But I don’t think that jumping in dance is so much about how high you can actually jump as it is about giving the impression of flight. That’s technique and skill working rather than jumping ability. Technique and skill develops with time and by doing all the exercises we normally do in a ballet class.


One thing that has yet to be suggested that might help develop a feeling of rebound is to do old-fashioned rope skipping. It isn’t very hard on the joints, develops rhythm, and after a short time you will find yourself skipping on one leg.

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One of my teachers, after watching the summer olympics one year, noted that the runners who seemed to do best (particularly at hurdles) were those who had the most well developed inner thighs. Something to think about. In the past year, I have begun doing ancillary exercises for abductors and adductors, and find it does help some (if nothing else, to show me how much more I need to work).


Also, I've had a couple of teachers concur that for those who are hyperextended like moi, we have to work harder at feeling that inner thigh working (things like crossing a bit after coming through first in ronde de jambe).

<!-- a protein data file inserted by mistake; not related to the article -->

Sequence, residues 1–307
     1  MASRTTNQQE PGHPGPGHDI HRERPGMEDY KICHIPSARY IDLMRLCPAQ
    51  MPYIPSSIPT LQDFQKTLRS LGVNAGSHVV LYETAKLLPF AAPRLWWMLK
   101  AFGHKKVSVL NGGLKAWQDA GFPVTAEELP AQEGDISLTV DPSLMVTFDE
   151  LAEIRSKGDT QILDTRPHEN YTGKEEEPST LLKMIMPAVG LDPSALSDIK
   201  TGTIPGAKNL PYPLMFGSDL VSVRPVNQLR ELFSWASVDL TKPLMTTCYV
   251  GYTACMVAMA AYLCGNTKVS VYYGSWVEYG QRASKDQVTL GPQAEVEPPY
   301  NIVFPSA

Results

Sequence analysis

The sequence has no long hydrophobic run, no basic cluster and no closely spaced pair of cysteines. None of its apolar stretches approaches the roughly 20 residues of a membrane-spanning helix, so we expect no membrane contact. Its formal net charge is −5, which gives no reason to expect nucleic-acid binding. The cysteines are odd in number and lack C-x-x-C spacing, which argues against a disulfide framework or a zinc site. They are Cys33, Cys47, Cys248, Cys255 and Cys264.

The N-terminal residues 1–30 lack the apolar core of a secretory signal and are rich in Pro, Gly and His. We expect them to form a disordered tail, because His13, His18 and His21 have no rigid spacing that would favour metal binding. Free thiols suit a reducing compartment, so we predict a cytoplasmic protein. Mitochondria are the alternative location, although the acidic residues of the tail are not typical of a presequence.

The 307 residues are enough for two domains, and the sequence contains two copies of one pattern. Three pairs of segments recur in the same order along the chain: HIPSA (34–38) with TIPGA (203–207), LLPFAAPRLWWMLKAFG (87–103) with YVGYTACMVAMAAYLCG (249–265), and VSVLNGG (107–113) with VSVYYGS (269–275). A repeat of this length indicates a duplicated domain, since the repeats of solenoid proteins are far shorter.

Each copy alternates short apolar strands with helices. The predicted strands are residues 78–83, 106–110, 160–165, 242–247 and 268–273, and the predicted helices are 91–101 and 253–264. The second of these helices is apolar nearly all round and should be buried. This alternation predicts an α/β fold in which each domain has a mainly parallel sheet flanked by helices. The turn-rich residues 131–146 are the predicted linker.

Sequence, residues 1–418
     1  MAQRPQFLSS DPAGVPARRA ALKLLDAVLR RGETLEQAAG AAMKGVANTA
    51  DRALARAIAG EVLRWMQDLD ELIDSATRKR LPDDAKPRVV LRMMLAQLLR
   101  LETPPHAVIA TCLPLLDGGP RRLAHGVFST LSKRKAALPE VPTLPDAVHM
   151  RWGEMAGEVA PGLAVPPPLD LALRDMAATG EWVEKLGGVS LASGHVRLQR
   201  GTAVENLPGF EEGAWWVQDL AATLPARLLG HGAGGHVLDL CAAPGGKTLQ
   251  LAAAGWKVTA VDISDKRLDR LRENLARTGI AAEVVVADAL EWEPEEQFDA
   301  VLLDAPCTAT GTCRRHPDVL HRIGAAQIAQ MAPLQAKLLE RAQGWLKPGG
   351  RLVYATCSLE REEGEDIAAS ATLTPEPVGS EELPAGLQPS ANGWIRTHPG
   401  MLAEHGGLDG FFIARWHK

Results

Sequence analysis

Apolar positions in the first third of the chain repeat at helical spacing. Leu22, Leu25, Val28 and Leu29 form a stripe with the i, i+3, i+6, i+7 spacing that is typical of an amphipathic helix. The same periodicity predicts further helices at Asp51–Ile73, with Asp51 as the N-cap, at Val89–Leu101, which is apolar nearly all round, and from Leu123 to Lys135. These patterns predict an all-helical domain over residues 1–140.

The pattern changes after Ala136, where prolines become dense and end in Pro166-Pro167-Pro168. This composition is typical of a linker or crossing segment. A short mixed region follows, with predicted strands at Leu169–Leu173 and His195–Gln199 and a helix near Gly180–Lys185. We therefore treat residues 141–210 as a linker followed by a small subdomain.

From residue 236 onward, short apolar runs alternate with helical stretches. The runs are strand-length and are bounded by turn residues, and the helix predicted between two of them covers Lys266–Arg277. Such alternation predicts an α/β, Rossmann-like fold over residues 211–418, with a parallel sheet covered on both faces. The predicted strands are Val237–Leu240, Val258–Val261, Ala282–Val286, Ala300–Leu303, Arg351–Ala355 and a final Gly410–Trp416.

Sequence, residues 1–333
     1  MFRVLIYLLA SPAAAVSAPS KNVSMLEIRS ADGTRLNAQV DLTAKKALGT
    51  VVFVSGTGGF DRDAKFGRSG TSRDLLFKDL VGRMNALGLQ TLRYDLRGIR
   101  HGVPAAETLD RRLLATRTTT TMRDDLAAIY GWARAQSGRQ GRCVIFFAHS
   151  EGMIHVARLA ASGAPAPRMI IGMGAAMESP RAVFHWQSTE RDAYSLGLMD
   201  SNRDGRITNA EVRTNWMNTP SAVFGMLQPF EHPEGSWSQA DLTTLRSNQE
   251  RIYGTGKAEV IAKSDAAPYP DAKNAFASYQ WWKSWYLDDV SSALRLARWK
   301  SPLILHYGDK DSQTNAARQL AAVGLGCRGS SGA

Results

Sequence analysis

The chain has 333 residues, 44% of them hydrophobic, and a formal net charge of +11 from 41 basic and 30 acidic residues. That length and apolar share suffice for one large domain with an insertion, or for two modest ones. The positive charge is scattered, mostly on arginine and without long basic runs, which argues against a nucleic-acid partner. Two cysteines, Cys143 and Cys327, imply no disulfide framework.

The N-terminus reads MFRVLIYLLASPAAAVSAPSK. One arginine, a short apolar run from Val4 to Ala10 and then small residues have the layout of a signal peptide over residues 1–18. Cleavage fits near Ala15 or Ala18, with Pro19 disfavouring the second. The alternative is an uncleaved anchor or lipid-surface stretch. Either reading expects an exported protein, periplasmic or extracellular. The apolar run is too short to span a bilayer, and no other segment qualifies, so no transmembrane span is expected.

Also, just plain good overall stamina helps with jumps, which involves all of those things we know we're supposed to do -- eat a good breakfast, stay hydrated, get enough rest, etc. I gotta tell ya, dancing in an extremely warm clime is great for stretching, but it's murder for stamina. It's much harder to maintain that energy when you're sapped by the time you enter the studio on some days.

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Just read Ms. Leigh's description of the "natural" jumper and it fits me exactly :thumbsup: (except the athletic part...although I did play soccer for a while). I also have to wonder how much is due to being placed in one of those harnesses that hangs from the ceilings from elastics as a baby--what are they called? They have some cute name that I can't remember--I could jump to my heart's content :thumbsup: Come to think of it, that might be a good image to use--you do have to push down in a jump, but don't get so caught up in pushing down that you forget to go up! Try and feel as though you are being pulled upward/suspended by your hips as you plié. The feet press down, the hips & spine lift up.